The Bryant Street location, expected to open later this year, will be in a 55K SF stand-alone building that includes 5,500 SF of separate retail space on the eastern-facing side that is still available for lease. Bailey said he sees Alamo Drafthouse as the anchor for the project's first phase.
"The Alamo is a huge draw for us," Bailey said. "It’s a very good brand with national recognition. It's a great tenant to have. It's something that D.C. has really needed. I can’t remember last time a new theater was brought to market, especially around here, so having that void filled on our site is huge."
The next major retail offering that MRP hopes will draw people to Bryant Street is the 10K SF Bevy food hall, slated to open later this year or early next year, on the ground floor of The Chase. The hall will have nine food stalls with separate businesses serving a variety of cuisines, such as seafood, chicken, poke and a juice bar.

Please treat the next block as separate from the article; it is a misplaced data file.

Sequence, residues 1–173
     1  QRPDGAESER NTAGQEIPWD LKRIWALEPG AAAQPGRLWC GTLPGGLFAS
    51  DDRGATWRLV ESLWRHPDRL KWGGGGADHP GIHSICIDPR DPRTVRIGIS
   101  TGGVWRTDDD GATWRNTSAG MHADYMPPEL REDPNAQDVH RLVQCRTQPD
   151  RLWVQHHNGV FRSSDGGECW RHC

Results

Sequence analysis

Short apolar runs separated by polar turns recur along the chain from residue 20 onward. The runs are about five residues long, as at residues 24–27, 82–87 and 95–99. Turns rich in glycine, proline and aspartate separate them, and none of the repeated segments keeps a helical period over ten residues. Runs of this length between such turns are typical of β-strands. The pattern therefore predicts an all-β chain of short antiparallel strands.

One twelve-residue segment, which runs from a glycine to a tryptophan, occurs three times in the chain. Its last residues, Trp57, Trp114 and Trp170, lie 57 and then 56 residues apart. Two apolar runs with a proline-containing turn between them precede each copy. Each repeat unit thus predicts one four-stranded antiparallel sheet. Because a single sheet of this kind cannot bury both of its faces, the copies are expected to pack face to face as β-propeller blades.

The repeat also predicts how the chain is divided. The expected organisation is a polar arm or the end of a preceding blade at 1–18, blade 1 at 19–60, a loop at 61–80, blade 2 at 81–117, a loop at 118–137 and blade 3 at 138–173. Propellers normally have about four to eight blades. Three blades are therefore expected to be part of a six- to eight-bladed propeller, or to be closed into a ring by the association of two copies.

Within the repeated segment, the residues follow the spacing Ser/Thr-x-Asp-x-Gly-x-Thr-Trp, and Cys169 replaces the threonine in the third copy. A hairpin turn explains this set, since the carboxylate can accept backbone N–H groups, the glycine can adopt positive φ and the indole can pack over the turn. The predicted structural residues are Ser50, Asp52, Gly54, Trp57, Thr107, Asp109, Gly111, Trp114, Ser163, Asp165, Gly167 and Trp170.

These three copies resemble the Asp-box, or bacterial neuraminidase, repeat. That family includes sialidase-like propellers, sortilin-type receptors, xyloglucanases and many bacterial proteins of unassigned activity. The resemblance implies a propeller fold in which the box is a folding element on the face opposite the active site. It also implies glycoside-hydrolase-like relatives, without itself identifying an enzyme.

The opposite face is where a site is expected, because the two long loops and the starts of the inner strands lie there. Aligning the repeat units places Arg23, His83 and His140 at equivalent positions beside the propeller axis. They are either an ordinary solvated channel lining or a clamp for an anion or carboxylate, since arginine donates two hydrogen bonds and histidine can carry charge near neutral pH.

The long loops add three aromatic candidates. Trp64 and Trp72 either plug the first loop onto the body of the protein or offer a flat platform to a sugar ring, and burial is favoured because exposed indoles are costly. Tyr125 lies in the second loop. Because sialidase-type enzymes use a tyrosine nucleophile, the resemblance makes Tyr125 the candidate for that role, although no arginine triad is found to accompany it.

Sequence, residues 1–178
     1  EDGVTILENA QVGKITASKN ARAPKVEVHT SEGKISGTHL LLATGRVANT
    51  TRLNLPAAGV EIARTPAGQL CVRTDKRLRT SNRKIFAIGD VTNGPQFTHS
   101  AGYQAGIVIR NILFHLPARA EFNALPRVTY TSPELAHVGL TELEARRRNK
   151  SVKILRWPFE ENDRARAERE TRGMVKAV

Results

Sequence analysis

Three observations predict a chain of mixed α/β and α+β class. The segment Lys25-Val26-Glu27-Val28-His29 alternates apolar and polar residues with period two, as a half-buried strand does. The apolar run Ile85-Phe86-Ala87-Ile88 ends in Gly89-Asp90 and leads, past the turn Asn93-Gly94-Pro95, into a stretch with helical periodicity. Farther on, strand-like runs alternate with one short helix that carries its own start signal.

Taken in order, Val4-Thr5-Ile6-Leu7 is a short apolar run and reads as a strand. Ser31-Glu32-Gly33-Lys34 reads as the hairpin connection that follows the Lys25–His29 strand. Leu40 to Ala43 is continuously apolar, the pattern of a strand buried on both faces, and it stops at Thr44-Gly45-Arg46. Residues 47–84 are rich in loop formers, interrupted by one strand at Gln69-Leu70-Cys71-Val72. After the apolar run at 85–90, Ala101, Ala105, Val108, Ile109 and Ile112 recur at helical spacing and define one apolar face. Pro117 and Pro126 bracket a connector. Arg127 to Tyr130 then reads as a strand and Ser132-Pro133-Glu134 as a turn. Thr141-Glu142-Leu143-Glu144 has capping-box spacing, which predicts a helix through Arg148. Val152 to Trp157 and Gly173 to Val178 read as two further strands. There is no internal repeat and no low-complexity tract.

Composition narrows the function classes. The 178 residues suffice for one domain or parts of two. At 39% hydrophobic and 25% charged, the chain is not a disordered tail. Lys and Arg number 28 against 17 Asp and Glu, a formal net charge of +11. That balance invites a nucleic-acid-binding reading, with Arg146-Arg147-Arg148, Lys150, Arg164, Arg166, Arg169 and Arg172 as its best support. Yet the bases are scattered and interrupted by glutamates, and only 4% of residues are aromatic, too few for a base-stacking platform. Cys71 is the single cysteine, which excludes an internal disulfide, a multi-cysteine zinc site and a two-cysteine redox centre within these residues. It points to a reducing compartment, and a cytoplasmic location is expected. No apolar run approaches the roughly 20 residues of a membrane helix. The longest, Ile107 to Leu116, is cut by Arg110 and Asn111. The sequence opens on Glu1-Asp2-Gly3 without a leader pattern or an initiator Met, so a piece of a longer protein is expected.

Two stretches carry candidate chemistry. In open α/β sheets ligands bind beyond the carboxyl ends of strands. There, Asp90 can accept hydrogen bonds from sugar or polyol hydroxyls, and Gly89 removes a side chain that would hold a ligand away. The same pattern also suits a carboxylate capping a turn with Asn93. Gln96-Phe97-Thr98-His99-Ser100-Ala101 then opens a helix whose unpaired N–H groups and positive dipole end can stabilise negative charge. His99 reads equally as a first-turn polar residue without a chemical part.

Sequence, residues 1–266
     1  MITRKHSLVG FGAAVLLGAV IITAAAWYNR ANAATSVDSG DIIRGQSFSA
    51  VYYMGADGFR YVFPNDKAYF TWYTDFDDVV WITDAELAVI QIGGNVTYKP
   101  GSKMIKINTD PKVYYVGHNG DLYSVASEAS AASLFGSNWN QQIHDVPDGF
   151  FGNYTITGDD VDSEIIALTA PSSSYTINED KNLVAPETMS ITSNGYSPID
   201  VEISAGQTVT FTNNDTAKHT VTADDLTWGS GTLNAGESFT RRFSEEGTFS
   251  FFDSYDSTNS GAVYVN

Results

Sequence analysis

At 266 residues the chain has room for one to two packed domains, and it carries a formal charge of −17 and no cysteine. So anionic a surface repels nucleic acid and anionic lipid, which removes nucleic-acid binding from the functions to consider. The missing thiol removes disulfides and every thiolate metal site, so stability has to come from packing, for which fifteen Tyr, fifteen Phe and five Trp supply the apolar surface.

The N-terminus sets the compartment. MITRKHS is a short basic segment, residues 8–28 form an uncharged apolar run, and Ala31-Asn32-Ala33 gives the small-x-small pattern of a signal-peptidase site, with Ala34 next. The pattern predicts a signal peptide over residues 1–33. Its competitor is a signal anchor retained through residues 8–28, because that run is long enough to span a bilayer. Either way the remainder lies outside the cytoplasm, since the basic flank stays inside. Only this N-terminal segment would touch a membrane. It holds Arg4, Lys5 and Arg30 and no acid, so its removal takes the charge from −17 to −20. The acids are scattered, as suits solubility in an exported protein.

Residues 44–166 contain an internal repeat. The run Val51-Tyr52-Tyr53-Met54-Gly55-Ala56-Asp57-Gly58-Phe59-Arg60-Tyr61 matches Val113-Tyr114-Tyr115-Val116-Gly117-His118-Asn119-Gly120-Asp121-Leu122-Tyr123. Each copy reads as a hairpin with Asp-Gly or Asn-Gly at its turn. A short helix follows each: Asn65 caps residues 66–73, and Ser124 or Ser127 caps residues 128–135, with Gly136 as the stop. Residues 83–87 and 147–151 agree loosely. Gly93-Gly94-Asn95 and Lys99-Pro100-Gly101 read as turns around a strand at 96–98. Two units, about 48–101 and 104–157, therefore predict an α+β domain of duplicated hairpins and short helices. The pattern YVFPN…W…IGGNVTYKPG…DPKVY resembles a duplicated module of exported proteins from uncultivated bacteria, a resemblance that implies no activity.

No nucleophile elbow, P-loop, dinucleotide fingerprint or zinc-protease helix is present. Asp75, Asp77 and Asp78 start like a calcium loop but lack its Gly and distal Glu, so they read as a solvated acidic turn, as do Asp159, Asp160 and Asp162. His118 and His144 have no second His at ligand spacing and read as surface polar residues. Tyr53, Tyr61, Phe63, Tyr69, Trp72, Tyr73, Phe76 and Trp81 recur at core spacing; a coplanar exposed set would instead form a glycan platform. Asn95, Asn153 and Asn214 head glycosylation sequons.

The developer also signed fitness studio F45 and dog daycare facility District Dogs to open in the Chase building. The first phase still has several available retail spaces. Bailey said it is looking for retailers that will be an amenity for apartment residents and ones that will draw people to Bryant Street.
"That’s what mixed-use development nowadays is about," he said. "Especially in an urban environment, you don’t want to be five Metro stops away from your fitness studio or your local watering hole, you want those amenities on-site ... The retail is not as successful without residents, and the residential buildings aren't as successful without retail."